National Geographic's pioneering female photographers reveal all

Story highlights

  • New exhibition of National Geographic female photographers opens
  • Includes Erika Larsen, lived with Scandinavian reindeer herders for four years
  • Women photojournalists must have tenacious spirit to travel world for "perfect shot"

An elderly man stares forlornly at his feet, surrounded by twisted reindeer carcasses, their matted blood stark against a field of endless snow.

He clutches a knife, and at first glance you'd be forgiven for thinking he caused the carnage himself.

Instead, the two reindeer locked antlers in battle, and unable to untangle themselves, starved to death over many days.

Sven Skaltje, the herder in the haunting photo, discovered their entwined bodies and finally cut them apart. Erika Larsen, a 37-year-old American photographer living with the mysterious Arctic tribe, caught the moment forever.

Larsen is one of 11 female National Geographic photojournalists whose remarkable images are now on display in a new exhibition in Washington D.C., called -- aptly enough -- "Women of Vision."

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From Larsen's dramatic images of Scandinavian tribes people, to Stephanie Sinclair's intimate photographs of Yemeni child brides, and Beverly Joubert's action shots of leopards in the wild, the exhibition delves deep into hidden communities, often in some of the most inhospitable environments on the planet.

"You must have a certain amount of resilience and courage to be a photographer in general, and perhaps especially to be a photographer for a magazine like National Geographic," said the show's curator and senior photo editor, Elizabeth Krist.

"We put people into the field for quite long times -- eight weeks would be the average."

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Women's work?

Featuring almost 100 images taken since 2000, the exhibition is a world away from when first female staff photographer, Kathleen Revis, started working in the 1950s.

The male chief of the photographic lab at the time had some advice for Revis: "If you find the going too tough, why not run over to Paris for a weekend and get some new clothes -- I understand that is good for a woman's morale."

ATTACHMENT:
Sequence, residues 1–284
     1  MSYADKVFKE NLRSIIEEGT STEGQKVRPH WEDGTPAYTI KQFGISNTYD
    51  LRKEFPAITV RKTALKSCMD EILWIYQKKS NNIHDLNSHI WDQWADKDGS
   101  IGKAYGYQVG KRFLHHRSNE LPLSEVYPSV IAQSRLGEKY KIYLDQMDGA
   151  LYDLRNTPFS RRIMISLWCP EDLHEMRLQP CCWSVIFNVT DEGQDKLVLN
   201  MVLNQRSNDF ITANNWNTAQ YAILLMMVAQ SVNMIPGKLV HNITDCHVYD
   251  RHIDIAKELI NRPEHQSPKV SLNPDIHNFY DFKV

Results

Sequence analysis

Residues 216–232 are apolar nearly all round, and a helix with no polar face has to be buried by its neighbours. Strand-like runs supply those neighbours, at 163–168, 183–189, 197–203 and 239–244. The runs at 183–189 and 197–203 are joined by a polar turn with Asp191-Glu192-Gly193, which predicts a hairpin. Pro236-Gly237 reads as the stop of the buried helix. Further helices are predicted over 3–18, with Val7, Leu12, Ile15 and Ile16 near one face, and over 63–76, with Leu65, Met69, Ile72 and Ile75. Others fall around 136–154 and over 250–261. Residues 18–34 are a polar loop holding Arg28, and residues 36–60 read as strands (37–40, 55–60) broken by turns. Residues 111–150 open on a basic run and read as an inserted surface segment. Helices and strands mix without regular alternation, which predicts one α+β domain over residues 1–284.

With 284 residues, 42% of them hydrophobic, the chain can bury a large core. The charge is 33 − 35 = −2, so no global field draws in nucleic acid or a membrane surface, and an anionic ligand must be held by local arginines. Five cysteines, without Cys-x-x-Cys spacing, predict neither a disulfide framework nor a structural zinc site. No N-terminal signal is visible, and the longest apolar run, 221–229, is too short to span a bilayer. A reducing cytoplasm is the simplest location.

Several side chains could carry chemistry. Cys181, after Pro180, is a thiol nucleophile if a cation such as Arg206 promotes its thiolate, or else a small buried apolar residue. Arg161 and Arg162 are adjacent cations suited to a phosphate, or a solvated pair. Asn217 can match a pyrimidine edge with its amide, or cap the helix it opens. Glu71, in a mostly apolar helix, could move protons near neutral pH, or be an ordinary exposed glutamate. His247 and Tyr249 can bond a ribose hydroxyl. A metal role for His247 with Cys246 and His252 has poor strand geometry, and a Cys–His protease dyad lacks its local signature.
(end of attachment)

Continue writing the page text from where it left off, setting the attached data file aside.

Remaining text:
It's enough to make any feminist's blood boil. But as Krist explains, "Unfortunately, it was really characteristic of the time."

Indeed, in the 125-year-history of National Geographic, a magazine which prides itself on intrepid exploration, there have been four female staff photographers, compared to around 50 men.

"At National Geographic there probably was more of a sense that people needed to be really tough to do some of these stories on the other side of the world. And it was much harder for a woman to counter these societal norms and be on her own in a lot of remote areas," said Krist.

"Now, seeing all these women working in really difficult conditions -- not just conflict but also in the middle of epidemics, facing wild animals, political repression, severe climates. It really shows what women are capable of, it's a direct answer to the person who said that to Kathleen Revis."

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True grit

If ever there was an indication of how far female photojournalists have come in the last century, it's in the work of Larsen, who spent four years living on-and-off with traditional reindeer herders, called Sami.

The mother-of-one learnt their language and even worked as a housekeeper, or beaga, in an effort to immerse herself in their ancient culture, spread across Scandinavia and parts of Russia.

Living in a tepee-like structure called a laavo, in temperatures plunging to -40C, Larsen says being a woman actually helped her integrate into the family.

"Sami culture in general has this tradition of having a beaga, which is a woman that would come into the home, help with the children, help with the meals, help with the cleaning, help prepare skin, which I did," explained Larsen.

"I don't think a male photographer would be able to sit around the table and sew with the women, and hear their stories in quite the same way."

Similarly, fellow photographer Stephanie Sinclair found her gender gave her unique access to the women's barracks of Yemen's elite counter-terrorism unit, capturing a khaki-clad officer patrolling the lurid pink halls.

Meanwhile, Amy Toensing went on an impromptu swim with three elderly women on America's Jersey Shore, using an underwater camera to photograph the sprightly women in the ominous surf.

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For Larsen, it was the pioneering female photographers of the last 50 years who really paved the way for her today, admitting: "I haven't found the obstacles I believe they have come up against."

Krist agreed, saying: "Today it feels much more 50-50 to me in the photojournalism schools. It's becoming much more even, but I think there's still a residue of all the generations which have come before."

The perfect shot

Following an assignment, it's up to photo editor Krist to sift through over 50,000 images, before publishing the best handful. "What I'm looking for is something that's both meaningful, that reveals something, and something that's really striking visually," she said.

Larsen's haunting photograph of Skaltje the reindeer herder made the grade when it was published in 2011. But it also summed up the photographer's fascination with mysterious hunting societies.

"What I realized from Sven in this moment is that we are all part of this cycle of life," she said.